On Thanksgiving, the pumpkin pie with a dollop of whipped cream tasted delicious. But that was just the tip of the iceberg.
From now until 2018, there will be sweet treats laid out like a Candyland game board at every turn, from the office Christmas arty to the neighbor’s New Year’s Day potluck.
Need a chocolate truffle with that holiday shopping list? Pass the egg nog please. If the sugar doesn’t make us sick, the guilt that we feel about indulging in all of those calorie-laden bonbons probably will.
At The Nectary in Healdsburg and Sebastopol owned by Gia Baiocchi, the bakers substitute healthy fats like nuts and coconut oil for cheese and cream, and healthier sugars like honey and maple syrup for refined and processed sugars.
With alternatives like these, you can eat your holiday goodies and feel good afterwards. And when January rolls around, instead of facing sluggishness and sugar withdrawal, you’ll be clear-headed and ready to recommit to your health goals.
Hillary Mendoza and Meagan Ricks, who both work as raw food chefs at The Nectary, demonstrated all kinds of decadent desserts, from a Pumpkin Cheezecake to Crispy Crunchy Cranberry Cookies, during a “Healthy Holiday Sweets and Treats” class earlier this month at Relish in Healdsburg.
“Everyone seems to talk about being stressed out and the drinks and the treats this time of year,” Mendoza said.
“With these recipes, you can feel good ... and feel good about eating them.”
While some of the students revealed they were lactose-intolerant, others confessed to having food allergies, digestion issues and gluten sensitivities. One student simply had a sweet tooth that would not take “no” for an answer.
“I need to find sweets that are good for me,” said Terri Ottoboni of Windsor. “My friends used to call me the cookie monster.”
Although you may need to pick up some new tricks to substitute nut milks for dairy products, the results are satisfying and, once you get used to a reduced amount of sugar in your treats, just as delicious.
“There are alternatives that are just as good if not better than what you are used to,” Mendoza said.
“We are here to empower you so you can make choices that are good for you.”
Case in point: the Hold-the-Egg Nog, made with creamy cashew milk instead of heavy cream, sweetened with a hint of maple syrup and spiked with all the holiday spices we know and love, from cinnamon and nutmeg to turmeric and vanilla.
“The cashews help recreate that sweet, cow’s milk flavor,” Ricks said.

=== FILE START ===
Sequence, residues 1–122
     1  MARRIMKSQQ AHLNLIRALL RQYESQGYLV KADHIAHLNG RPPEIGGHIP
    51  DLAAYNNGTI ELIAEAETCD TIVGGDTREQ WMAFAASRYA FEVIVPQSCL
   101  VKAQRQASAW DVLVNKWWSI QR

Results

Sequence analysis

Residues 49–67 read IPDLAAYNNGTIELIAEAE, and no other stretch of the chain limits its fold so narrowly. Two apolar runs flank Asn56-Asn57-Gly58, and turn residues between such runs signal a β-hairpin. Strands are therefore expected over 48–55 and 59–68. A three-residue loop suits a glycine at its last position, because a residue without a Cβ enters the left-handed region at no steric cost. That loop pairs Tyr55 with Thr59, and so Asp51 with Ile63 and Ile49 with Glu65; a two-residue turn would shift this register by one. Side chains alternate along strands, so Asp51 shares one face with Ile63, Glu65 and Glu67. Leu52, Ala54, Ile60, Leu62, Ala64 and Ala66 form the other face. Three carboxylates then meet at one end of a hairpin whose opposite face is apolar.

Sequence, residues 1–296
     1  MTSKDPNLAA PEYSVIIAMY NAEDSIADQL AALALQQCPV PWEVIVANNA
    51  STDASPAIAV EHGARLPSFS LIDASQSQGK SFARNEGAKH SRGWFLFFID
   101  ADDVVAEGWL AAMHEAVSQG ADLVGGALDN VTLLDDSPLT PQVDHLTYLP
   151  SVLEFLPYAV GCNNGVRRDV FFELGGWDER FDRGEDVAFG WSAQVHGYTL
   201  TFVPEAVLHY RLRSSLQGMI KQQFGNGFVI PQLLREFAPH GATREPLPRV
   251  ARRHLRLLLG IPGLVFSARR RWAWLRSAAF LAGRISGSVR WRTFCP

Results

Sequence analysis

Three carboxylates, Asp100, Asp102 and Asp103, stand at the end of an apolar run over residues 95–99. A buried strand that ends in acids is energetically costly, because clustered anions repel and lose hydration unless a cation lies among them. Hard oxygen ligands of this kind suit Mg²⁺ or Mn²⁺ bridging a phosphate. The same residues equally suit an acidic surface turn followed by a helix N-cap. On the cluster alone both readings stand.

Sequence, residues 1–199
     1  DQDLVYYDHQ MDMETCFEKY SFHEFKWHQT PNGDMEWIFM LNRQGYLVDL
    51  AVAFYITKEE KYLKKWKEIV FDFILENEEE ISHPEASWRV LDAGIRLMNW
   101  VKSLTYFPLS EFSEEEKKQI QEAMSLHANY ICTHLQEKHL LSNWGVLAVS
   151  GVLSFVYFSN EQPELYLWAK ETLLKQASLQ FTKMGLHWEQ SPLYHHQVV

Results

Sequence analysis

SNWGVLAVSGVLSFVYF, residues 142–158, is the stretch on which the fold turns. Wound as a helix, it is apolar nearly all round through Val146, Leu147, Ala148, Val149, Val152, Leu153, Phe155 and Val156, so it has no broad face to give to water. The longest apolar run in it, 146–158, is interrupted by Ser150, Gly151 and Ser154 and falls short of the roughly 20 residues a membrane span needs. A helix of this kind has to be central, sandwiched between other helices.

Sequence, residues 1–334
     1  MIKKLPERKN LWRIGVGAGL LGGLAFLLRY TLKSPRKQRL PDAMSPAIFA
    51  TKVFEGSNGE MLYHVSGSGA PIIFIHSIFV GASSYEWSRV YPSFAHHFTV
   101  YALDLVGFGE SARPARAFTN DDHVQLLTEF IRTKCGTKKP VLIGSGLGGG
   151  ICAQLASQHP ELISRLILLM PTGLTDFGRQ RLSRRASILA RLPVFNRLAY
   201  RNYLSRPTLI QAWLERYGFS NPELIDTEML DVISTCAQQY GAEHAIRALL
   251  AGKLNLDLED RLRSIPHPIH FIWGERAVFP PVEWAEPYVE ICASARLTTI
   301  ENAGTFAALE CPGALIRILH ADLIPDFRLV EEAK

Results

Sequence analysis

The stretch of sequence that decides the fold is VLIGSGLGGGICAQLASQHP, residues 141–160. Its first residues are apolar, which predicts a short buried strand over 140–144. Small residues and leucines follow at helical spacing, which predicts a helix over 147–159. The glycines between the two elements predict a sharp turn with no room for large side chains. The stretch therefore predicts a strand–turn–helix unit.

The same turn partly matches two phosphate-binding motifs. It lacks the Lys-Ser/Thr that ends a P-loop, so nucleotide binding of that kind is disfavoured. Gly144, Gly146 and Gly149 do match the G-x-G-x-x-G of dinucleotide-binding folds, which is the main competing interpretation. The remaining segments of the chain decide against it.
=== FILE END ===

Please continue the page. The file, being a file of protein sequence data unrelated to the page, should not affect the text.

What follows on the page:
“Turmeric is an antioxidant and is anti-inflammatory. It also helps create the golden color.”
The recipe for Crunchy Crispy Cranberry Cookies was also a hit with the class, including Ottoboni, who said she would make them as gifts this year to give to friends and family.
The cookies are made with rolled oats and oat flour, pecans for crunch, spices like cardamom and nutmeg for flavor and maple syrup and coconut sugar for sweetness. The coconut sugar looks like brown sugar and has a caramel flavor.
Coconut oil and ground flax meal help bind the dry ingredients together, and orange zest and juice round out the flavors.
The Peppermint Bark — always a favorite at the holidays — consisted of a simple chocolate ganache as the bottom layer, made with cacao butter and cacao powder, and a White Chocolate Peppermint layer on top made with coconut butter and cacao butter, and a hint of Peppermint extract.
Winemakers From Down Under
There are fewer than 20 Australians and New Zealanders working now in the California wine industry, the majority as winemakers. Some others migrated to Washington, Oregon and British Columbia from their home country.
Most of those interviewed for this article agree that Grant Taylor, a Kiwi winemaker, was the first to come to California in 1979, to work at Pine Ridge in the Napa Valley. Taylor returned to New Zealand in 1993 and is the owner of Valli Vineyards in Central Otago.
The following is a partial list of Aussies and Kiwis, in chronological order by the date they first came to California and their present position in the California wine industry.
Rex Smith (Australia): 1984, winemaker William Knuttel Winery, Sonoma.
Daryl Groom (Australia): 1989, co-owner Colby Red Wine and Groom Wines
Nick Goldschmidt (New Zealand): 1989, Goldschmidt Vineyards and Nick Goldschmidt Consulting
Chris Loxton (Australia): 1991, owner/winemaker Loxton Cellars
Michael Scholz (Australia): 1991, vice president, Winemaking & Vineyards, St. Supery Estate Vineyards & Winery
Mick Schroeter (Australia): 1992, director of winemaking, Sonoma Cutrer
Toni Stockhausen (Australia): 1999, Winemaker, Bennett Valley Cellars
Wayne Donaldson (Australia): 2000, vp production, Deutsch Family Wine & Spirits
Sean McKenzie (New Zealand): 2001, senior winemaker, The Dreaming Tree
Susan Doyle (Australia), 2003: chief winemaker, Spring Mountain Vineyard
Matt Parish (New Zealand), 2003: managing dir., Matt Parish Wines, sold through Nakedwines and International consulting winemaker.
Matt Johnson (Australia), 2008: chief winemaker Americas, Treasury Wine Estates
Andrew Bilenkiji (Australia), 2012: winemaker, Ledson Winery
Sam Glaetzer (Australia), 2016: senior vice president wine & spirits production, Constellation Brands
- Gerald D. Boyd